#2: By far the biggest element of vote buying over UPA-1 and UPA-2 has come through the fuel subsidies on diesel, petrol, kerosene and LPG. My back-of-the-envelope calculations show that during the last nine years, and going upto 2014, the UPA would have dished out more than Rs 7,50,000 crore in petroleum subsidies either directly or by subsidies routed through ONGC, Oil India and Gail. That's like a cash payment to every man, woman and child in India of over Rs 6,000 during UPA-1 and UPA-2. Even if we assume one third of the subsidies went to the poor, the rest of the subsidy – Rs 5,00,000 crore – was given to the non-poor. Still think Sonia Gandhi is about the poor? And we are not even talking about food and fertiliser subsidies to the non-poor.
What we do know is that massive amounts of money have been spent through doles and transfers to rural areas during UPA-1 and UPA-1. This is why poverty has reduced from over 37 percent to 22 percent of the population during its tenure.
This might indicate, on the surface, that Sonia is pro-poor, but a closer look at the numbers show why this is likely to be wrong. The decline in poverty may be reversible.
#1: The first sign of inclusiveness is financial inclusion, about which everyone in UPA has been talking about. But despite massive cash transfers, farm loan waivers, and high minimum support prices (MSPs) for food procurement, what do we notice? The share of rural bank branches has fallen from 57 percent in 1994 and 50 percent during the NDA period in 2000 to just 37 percent in 2011. If so much money is going to the poor, shouldn't there be more banks to do this? Or is most of the money being siphoned off? Then you don't need banks.
Credit to the rural sector has just about doubled from 2006 (mid-point of UPA-1) to 2012, from Rs 1,99,423 crore to Rs 3,80,518 crore. Credit to urban and metropolitan areas has, meanwhile, tripled and quadrupled respectively.
Now, why would an inclusive government oversee the expansion of wealth and credit to urban areas during its years in power after talking about the rural areas and the poor? Clearly, the UPA's real focus is the non-poor. And most of the money intended for the rural poor may be going elsewhere.
#2: Next, look at jobs. If the truest measure of inclusiveness is enabling people to stand on their own feet rather than on crutches, the measure ought to be net job creation. Here the evidence is clearly that the UPA tenures created far less jobs than the NDA period. (Read here, and here, and here, and here). The UPA reduced rural poverty with doles and make-work schemes, which are clearly not sustainable indefinitely, and certainly when the economy is doing so badly.
The poverty ratio has been brought down by spending Rs 7,50,000 crore on fuel subsidies mostly to the non-poor, which ultimately trickles down to the poor as well; Rs 2,00,000 crore of NREGA money; Rs 72,000 crore of farm loan waivers; huge increases in MSPs during 2008 and later; and massive doses of fertiliser and food subsidies.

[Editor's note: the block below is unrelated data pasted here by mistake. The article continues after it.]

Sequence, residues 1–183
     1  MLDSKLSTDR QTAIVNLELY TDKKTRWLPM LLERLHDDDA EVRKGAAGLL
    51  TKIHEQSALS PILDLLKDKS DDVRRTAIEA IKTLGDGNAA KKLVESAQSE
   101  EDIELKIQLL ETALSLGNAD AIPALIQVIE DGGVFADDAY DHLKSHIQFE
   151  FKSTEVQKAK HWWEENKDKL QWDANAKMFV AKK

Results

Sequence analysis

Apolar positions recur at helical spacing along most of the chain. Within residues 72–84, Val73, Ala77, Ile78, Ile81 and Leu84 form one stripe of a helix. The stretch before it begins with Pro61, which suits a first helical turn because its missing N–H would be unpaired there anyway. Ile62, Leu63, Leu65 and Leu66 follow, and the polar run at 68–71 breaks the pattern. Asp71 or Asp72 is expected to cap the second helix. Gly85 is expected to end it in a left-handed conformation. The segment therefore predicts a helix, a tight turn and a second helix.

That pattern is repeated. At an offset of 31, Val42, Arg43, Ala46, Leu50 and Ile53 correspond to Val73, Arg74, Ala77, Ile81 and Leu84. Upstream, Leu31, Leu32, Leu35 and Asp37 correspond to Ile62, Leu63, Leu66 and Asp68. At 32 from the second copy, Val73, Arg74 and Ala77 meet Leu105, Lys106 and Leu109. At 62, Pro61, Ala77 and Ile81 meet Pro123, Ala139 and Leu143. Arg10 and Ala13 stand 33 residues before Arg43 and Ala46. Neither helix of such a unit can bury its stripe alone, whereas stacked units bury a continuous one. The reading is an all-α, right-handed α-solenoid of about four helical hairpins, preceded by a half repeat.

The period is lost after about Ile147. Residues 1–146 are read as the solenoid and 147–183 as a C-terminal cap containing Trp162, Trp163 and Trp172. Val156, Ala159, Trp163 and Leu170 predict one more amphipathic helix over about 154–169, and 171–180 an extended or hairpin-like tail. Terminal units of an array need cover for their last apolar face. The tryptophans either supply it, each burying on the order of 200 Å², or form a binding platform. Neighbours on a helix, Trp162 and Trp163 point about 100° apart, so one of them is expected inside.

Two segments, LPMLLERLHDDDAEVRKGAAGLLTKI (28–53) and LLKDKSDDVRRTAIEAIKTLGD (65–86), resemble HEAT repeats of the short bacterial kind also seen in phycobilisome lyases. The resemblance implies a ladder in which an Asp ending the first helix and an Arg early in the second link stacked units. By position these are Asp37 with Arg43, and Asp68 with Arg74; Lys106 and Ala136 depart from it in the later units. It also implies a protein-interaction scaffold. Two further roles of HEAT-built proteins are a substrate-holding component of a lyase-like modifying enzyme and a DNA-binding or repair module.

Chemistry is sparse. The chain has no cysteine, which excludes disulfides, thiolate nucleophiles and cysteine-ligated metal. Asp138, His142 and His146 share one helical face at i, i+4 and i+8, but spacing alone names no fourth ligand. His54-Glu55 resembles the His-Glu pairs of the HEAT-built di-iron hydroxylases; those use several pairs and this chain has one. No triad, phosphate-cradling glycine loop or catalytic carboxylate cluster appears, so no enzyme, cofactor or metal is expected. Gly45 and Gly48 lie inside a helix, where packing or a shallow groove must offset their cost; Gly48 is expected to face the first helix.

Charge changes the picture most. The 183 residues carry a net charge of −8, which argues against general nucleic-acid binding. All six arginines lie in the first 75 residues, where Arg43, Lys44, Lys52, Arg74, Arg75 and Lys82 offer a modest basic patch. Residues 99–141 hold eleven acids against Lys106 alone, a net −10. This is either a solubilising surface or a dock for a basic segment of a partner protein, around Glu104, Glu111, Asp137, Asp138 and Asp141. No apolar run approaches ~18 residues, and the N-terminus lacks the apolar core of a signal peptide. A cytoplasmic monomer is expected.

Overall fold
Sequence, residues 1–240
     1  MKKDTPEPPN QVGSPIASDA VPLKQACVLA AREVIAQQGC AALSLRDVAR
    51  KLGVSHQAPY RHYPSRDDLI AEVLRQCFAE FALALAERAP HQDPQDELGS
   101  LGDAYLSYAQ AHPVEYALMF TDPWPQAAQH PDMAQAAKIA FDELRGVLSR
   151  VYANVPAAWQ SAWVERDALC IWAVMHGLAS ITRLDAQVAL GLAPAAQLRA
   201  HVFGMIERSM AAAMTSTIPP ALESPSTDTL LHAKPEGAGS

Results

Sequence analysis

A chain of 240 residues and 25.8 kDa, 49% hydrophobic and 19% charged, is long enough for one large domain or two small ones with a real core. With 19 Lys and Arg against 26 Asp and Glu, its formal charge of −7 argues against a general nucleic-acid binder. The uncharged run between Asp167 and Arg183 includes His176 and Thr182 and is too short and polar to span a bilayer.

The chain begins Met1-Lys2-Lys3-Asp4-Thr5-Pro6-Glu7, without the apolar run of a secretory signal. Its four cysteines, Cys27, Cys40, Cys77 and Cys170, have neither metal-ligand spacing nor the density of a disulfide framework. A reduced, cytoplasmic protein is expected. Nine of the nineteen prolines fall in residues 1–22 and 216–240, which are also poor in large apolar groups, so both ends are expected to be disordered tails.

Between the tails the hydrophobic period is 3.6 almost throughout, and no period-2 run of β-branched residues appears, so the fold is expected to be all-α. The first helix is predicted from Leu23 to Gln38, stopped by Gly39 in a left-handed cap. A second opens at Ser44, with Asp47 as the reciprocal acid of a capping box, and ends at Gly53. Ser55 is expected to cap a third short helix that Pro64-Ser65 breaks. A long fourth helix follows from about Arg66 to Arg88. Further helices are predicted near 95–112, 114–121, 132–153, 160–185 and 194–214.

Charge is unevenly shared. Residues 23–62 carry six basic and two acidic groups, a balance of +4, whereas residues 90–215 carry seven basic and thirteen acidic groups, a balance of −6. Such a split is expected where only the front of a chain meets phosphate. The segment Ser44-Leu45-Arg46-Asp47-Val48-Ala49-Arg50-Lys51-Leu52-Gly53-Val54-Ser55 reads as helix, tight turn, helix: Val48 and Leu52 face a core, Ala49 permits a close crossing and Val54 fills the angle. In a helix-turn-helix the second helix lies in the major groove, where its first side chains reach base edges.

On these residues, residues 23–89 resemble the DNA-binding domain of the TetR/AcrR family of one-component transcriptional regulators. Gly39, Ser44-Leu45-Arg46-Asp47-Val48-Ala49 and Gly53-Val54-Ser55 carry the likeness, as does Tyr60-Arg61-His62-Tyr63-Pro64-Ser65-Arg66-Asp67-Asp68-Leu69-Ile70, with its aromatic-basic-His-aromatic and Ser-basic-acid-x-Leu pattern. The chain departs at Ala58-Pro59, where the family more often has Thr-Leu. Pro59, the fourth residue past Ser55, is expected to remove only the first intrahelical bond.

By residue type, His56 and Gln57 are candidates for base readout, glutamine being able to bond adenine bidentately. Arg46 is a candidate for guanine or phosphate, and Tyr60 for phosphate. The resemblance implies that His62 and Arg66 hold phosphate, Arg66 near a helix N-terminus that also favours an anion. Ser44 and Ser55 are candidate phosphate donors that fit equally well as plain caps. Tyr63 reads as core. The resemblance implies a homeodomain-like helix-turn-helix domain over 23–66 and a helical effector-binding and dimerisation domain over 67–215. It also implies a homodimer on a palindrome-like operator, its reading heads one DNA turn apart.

The UPA is bringing down poverty by continuously feeding a man his daily fish, not by teaching him to fish. This is simply unsustainable – as the crash of the economy right now is proving.
The UPA is clearly not about inclusiveness; it is about feudal doles.
Hypothesis 3: Sonia is not pro- or anti-reform. She is for reform only if it fetches votes, not otherwise.
#1: Only one bit of evidence is needed to prove this. In 2012, the Congress party enthusiastically embraced subsidy reforms in the form of direct cash transfers to the poor. This is why Chidambaram and Jairam Ramesh even coined the slogan "Aapka paisa, aapke haath" in a joint press conference.
However, direct cash transfers using UID numbers carry an inherent political risk: if it weeds out potential beneficiaries, it will also bring voter angst.
#2: The 2G and Coalgate scams – one by the DMK's A Raja and the other under the sleepy eyes of Manmohan Singh himself – are further indicative of Sonia not being pro- or anti-reform. She is motivated purely by her political interests, You can see the gifting of spectrum and coal blocks as pro- or anti-reform, depending on whether you are for growth or against growth. However, not having a proper process to give these things away free is indicative of a feudal mindset – where concessions are given for political reasons and not economic ones. Neither of these scams could have happened without Sonia knowing about it. Her political secretary Ahmed Patel is not so dumb as to not have briefed her about it. So how can she avoid blame for it?
Put all these factors together, and you should know why Sonianomics is not about the poor, why it is not about inclusiveness, and why it is only about electoral math.
The rupee is falling because everyone now knows this. The penny has dropped with investors; which is why the markets crashed on Friday.
In the short run, thus, Sonianomics is bad for India.